The next time you’re out to eat, you may want to consider whether you really need to add salt and pepper to your meal. It turns out, pepper shakers are one of the dirtiest items in a restaurant.
According to a study from ABC News, pepper shakers harbor one of the highest bacteria counts at a public dining facility with counts reaching 11,600 — second only to restaurant menus. (And for your complete disgust, restaurant menus were found to carry the most — an average bacteria count of 185,000 — and have 100 times more bacteria than your typical toilet seat.)
The study examined swab samples taken from common table items at 12 restaurants throughout New York, Ohio, and Arizona. The swabs were then examined for “total bacteria counts and coliform — a broad class of bacteria found in our environment. The presence of coliform can indicated fecal matter.”
Dr. Charles Gerba, a microbiologist at the University of Arizona, told TODAY that E.coli “loves to grow” on top of pepper shakers in restaurants possibly because, “It’s a plant-based product.”
Items tested included ketchup and mustard, sugar, and salt, to name a few.
“These are objects you’re going to touch that can serve as vehicles that are transmitting micro organisms that can potentially make you ill,” said Gerba.
And if you think about it, of course they’re dirty. Pepper and salt or ketchup might be refilled, but rarely are the bottles ever emptied and sanitized. Plus, potentially, hundreds of people touch them every day. And parents sometimes let their kids play with table items, which means that anything on their little one’s hands — or their drool — can get deposited on the item you’re about it sprinkle on top of your salad.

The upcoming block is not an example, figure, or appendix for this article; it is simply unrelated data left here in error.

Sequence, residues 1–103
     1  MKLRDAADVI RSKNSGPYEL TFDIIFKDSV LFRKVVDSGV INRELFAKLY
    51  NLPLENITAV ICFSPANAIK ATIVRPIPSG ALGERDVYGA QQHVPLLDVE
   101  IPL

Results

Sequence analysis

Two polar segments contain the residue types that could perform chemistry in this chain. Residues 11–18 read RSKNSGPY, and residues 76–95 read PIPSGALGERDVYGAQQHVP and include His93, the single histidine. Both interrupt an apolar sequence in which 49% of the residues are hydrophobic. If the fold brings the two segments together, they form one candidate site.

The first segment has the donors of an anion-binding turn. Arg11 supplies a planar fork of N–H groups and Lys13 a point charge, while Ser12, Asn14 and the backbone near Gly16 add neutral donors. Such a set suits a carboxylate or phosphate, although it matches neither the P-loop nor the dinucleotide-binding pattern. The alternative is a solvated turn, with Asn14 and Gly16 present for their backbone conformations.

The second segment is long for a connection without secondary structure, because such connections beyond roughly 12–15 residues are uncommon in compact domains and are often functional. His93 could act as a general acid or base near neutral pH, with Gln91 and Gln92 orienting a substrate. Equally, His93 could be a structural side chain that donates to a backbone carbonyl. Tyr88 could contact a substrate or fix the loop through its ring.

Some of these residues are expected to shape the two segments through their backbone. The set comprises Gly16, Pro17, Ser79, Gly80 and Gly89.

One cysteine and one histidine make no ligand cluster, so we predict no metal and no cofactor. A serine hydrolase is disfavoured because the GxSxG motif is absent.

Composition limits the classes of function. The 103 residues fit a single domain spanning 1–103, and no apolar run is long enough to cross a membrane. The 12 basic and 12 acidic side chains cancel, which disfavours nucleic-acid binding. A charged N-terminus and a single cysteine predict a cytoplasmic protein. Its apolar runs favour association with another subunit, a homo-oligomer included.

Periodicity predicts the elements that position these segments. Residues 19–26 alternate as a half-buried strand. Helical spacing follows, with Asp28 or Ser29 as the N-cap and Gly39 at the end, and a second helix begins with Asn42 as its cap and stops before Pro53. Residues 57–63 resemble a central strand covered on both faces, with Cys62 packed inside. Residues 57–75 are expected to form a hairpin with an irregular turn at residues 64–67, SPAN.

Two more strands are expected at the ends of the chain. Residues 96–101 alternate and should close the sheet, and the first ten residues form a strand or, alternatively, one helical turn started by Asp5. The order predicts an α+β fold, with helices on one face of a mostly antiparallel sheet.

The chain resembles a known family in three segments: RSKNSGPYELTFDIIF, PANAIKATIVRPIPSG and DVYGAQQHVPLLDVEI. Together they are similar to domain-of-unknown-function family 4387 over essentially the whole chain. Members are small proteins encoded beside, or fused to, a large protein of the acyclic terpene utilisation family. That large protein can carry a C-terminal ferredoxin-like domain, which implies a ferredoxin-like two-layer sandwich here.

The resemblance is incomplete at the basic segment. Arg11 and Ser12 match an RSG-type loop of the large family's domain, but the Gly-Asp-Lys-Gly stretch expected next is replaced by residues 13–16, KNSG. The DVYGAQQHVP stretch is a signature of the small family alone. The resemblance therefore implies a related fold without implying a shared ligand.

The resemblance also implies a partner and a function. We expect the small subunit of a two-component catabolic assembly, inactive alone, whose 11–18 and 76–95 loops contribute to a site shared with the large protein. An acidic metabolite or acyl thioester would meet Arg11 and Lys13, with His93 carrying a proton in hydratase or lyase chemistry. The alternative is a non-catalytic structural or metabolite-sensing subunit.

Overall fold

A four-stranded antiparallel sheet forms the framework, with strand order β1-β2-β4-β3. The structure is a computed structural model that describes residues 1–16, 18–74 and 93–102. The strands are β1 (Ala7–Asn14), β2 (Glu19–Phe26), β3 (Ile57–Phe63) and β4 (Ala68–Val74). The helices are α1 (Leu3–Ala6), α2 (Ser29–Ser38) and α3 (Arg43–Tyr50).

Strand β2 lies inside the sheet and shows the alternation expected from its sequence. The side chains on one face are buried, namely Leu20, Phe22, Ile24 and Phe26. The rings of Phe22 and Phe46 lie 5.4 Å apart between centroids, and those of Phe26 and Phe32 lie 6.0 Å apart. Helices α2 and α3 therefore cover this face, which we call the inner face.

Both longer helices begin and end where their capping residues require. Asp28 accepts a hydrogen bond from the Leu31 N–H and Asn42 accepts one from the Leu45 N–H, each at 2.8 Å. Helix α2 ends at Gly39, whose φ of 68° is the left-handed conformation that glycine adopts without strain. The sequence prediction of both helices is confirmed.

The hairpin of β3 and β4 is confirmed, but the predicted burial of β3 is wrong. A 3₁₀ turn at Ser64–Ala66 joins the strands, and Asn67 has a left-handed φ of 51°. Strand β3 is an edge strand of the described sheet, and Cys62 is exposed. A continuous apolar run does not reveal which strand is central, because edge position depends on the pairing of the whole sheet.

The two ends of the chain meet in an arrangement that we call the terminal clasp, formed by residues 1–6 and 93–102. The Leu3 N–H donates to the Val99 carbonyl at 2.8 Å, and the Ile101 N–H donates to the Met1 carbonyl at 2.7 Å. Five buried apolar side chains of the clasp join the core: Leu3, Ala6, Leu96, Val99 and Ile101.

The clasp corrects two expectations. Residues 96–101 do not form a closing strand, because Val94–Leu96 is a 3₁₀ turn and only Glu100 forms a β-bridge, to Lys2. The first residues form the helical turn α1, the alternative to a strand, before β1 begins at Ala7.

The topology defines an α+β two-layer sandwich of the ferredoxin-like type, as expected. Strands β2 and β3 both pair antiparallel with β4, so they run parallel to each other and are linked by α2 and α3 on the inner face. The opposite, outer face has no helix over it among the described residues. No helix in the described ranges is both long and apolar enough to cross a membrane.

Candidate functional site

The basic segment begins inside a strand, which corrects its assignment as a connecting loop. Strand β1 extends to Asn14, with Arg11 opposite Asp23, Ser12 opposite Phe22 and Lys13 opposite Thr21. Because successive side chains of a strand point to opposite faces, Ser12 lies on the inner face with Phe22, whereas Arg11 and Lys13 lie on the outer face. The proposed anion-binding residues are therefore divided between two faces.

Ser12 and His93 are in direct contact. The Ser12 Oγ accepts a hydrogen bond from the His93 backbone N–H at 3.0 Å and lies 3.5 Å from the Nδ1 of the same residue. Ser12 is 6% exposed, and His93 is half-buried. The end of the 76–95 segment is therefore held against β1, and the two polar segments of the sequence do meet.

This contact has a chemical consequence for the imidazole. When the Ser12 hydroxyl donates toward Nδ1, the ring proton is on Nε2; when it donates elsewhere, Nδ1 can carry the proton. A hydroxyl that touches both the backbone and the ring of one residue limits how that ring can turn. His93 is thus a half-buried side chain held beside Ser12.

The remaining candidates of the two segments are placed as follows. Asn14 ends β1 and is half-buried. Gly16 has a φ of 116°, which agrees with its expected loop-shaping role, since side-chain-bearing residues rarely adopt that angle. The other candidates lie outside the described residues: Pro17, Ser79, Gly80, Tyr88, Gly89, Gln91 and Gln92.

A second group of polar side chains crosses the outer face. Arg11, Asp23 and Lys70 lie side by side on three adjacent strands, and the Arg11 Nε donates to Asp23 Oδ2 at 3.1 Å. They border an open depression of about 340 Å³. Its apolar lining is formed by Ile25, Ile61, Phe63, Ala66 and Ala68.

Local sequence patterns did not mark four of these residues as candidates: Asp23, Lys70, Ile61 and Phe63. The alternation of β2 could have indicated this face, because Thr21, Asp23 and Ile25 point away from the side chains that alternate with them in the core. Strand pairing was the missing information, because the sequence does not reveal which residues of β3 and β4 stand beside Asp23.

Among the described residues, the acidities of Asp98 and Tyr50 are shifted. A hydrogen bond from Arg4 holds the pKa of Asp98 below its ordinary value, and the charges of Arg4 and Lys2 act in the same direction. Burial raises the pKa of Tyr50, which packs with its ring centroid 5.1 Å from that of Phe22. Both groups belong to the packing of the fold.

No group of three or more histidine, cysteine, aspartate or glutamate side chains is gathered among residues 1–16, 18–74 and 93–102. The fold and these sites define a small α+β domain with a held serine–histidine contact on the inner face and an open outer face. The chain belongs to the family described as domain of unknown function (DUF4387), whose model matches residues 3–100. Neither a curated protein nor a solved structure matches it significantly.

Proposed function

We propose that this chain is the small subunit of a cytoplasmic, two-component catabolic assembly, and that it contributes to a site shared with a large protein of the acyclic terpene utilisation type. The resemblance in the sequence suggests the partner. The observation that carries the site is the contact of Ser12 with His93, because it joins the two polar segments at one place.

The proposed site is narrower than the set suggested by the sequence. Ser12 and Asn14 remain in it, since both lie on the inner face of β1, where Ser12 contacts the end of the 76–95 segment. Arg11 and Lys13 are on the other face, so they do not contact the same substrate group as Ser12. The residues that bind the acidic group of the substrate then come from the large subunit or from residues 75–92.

You can help by bringing individual salt and pepper packets with you, but ultimately whether or not you use the shared seasoning and condiment items at dinner, you’re still subject to the germs. These items are often moved around the table between dining parties or brought into play by those you’re eating with.
Of all the items test, the bacteria count on sugar came in the lowest, with only 2,300 bacteria. “Probably fewer bacteria on sugar, because it might be handled less,” Gerba said.
Of course, if every bacteria we came in contact with were deadly, none of us would be here. And thankfully, most of the bacteria the researchers found on these table items are not particularly harmful, but the possibility of picking up common illnesses like respiratory infections is still there.
As far as menus go, be extra wary in restaurants when touching plastic-coated menu pages. According to experts, plastic allows bacteria to breed in the tiny crevices. Paper isn’t a great host for germs, so if given an option, for any reason, go with paper in a restaurant.
Simple advice for anyone dining out: place your order then go wash your hands before eating. And parents, please keep menus away from the young kids, since they love to put them in their mouths. It will be best for all of us.